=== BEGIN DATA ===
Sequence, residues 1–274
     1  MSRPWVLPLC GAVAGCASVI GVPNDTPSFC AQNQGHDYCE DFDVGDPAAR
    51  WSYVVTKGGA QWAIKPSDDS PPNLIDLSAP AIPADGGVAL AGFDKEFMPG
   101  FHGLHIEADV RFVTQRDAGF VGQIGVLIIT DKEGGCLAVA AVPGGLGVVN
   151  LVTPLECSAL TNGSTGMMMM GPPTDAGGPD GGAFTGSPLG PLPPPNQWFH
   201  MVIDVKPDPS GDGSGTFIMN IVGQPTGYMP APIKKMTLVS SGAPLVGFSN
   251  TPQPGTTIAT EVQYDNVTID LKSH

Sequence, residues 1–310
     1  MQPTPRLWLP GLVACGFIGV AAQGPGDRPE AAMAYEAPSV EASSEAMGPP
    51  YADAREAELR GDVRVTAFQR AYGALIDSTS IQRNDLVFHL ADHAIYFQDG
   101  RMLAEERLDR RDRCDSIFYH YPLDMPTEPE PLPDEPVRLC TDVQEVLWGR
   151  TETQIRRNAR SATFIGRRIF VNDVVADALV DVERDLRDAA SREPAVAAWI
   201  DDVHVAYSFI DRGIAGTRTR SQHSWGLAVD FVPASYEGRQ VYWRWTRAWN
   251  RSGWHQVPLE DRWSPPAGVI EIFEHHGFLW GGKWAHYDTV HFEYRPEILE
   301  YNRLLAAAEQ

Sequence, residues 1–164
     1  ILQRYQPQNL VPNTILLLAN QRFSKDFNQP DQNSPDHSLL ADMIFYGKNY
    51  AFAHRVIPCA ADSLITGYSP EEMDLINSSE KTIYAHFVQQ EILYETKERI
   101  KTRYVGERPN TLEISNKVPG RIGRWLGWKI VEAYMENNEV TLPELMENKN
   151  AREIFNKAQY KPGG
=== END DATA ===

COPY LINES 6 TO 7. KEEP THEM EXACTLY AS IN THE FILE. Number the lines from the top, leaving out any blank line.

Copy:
   201  MVIDVKPDPS GDGSGTFIMN IVGQPTGYMP APIKKMTLVS SGAPLVGFSN
   251  TPQPGTTIAT EVQYDNVTID LKSH